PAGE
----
Wikimedia Commons
Wikimedia Commons

The 28th June 1914 not only marked the anniversary of the Battle of Kosovo in which the Ottoman army defeated the Serbians at tremendous human cost, it commemorated the 14th wedding anniversary of Franz Ferdinand and his wife Sophie. Crucially, it would also mark the beginning of the July Crisis in the lead up to the First World War.

Despite receiving warnings of an assassination plot which threatened to murder the Archduke in Sarajevo, Bosnia, the visit went ahead. Upon leaving the railway station the Archduke and his wife were tailed by assassins. After one failed attempt, a message containing a change in route instructing the driver to avoid Franz Joseph Street where the final assassin eagerly awaited did not arrive in time. The Archduke and Sophie were fired at point blank range by a Serbian nationalist. Despite attempts to save them, neither survived and the future heir to the Austro-Hungarian throne was pronounced dead at roughly 10.45am.

At this time, fearing opposition in their mission to silence Serbia, the Austro-Hungarian Emperor Franz-Joseph and his government appealed to Germany for backing to which the Kaiser responded by guaranteeing full support if countries, namely Russia, interfered.

An ultimatum was sent to the Serbian government on the 23rd July brazenly demanding conditions such as the suppression of activities directed against the Austro-Hungarian government and most controversially the annexation of several Serbian provinces to compensate for the death of Franz Ferdinand. Giving the Serbian government only 48 hours to respond and deeming their objections to the participation of Austro-Hungarian officials in the assassination inquiry insufficient, the Austro-Hungarian government immediately rejected the reply and prepared for military action. As predicted, Serbia’s Slavic connection with Russia meant that when the Serbian government appealed to Russia for support, it was guaranteed. The prospect of war between more than three countries became almost unavoidable.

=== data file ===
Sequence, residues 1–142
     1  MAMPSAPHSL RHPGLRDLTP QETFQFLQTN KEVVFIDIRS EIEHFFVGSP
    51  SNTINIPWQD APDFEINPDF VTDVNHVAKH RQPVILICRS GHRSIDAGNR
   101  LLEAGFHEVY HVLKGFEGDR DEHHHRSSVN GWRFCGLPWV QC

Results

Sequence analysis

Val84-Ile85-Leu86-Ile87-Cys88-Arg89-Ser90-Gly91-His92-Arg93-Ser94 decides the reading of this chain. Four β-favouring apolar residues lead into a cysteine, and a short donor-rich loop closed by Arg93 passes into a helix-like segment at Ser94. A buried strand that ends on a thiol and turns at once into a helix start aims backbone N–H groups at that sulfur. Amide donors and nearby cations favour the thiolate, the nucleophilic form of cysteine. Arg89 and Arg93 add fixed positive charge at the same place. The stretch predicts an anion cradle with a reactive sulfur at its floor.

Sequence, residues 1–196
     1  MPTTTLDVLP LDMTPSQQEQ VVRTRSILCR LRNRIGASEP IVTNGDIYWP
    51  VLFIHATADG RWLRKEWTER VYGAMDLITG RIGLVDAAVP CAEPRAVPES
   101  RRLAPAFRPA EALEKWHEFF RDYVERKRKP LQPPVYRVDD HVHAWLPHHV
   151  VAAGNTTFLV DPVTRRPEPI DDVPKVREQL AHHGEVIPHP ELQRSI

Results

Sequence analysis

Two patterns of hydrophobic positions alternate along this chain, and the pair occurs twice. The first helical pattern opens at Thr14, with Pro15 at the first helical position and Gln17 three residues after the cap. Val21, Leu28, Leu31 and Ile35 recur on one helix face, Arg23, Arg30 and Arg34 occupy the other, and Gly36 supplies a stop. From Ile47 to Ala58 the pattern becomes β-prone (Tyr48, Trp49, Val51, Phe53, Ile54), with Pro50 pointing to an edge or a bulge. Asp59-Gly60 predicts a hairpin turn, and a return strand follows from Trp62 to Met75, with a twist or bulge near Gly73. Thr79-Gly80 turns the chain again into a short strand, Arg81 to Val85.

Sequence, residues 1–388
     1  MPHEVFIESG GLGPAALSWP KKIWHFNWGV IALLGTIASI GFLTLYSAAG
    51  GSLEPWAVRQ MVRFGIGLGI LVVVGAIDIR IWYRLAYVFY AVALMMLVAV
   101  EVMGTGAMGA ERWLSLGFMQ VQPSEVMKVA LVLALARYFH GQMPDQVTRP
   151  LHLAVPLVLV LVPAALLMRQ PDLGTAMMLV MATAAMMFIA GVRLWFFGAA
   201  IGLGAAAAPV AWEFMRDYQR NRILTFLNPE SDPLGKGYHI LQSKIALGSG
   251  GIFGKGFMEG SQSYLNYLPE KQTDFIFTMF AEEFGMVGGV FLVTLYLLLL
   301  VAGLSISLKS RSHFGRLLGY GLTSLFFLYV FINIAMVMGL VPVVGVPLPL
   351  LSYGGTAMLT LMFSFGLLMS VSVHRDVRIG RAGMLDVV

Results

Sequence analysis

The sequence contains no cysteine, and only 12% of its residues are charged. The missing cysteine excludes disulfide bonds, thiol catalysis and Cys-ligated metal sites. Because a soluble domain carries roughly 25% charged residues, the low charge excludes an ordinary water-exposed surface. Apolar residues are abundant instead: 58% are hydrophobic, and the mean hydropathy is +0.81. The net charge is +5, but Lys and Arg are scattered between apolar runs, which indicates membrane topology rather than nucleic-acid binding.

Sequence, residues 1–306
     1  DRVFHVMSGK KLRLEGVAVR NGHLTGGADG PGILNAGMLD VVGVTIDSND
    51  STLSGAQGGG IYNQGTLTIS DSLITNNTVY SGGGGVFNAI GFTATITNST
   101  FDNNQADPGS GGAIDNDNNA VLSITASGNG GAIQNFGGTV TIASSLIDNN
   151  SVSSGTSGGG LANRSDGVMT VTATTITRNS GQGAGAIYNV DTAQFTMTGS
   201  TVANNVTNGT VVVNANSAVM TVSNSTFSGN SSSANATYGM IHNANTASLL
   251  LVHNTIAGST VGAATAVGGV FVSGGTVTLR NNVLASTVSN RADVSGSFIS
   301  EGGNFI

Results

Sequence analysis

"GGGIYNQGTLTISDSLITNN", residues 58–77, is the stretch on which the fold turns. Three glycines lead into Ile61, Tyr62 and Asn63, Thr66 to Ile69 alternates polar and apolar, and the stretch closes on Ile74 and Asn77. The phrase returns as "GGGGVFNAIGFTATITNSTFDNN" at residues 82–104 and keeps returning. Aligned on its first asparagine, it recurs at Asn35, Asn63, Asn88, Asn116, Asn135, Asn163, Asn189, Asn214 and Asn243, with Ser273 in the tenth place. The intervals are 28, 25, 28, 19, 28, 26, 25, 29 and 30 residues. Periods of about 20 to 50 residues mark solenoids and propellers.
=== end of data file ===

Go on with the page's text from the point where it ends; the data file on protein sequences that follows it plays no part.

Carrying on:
In reaction to the increasingly serious international situation British Foreign Secretary, Sir Edward Grey, suggested an urgent European Peace Conference. Nevertheless, on the 27th July the question of British action began to gain leverage. Pressure on the British government grew from France and Russia to declare support, Germany was asking for British neutrality and Grey’s lack of commitment was straining the government’s ability to prepare for the reality of war. German threat to Belgian neutrality proved the turning point in Grey’s policy. Following the principle of the entente, Grey concluded that such an aggressive move would force Britain to declare war. Despite this cautious diplomacy receiving a backlash of British criticism when Germany declared war on France on the 3rd August and invaded Belgium, Britain declared war a day later.

The July Crisis demonstrates the unrest of many European powers in 1914 as they questioned the possibility of war. It consolidated Austro-Hungarian distrust of Serbia, made apparent the alliances of France, Germany and Russia, and further shows how close Britain came to remaining neutral. It is possible to argue for the contingency and ‘what ifs’ of such events which took place during the July Crisis, meaning that the declaration of war in August 1914 could never have materialized. Nevertheless, at this point the Crisis had escalated to a point of no return.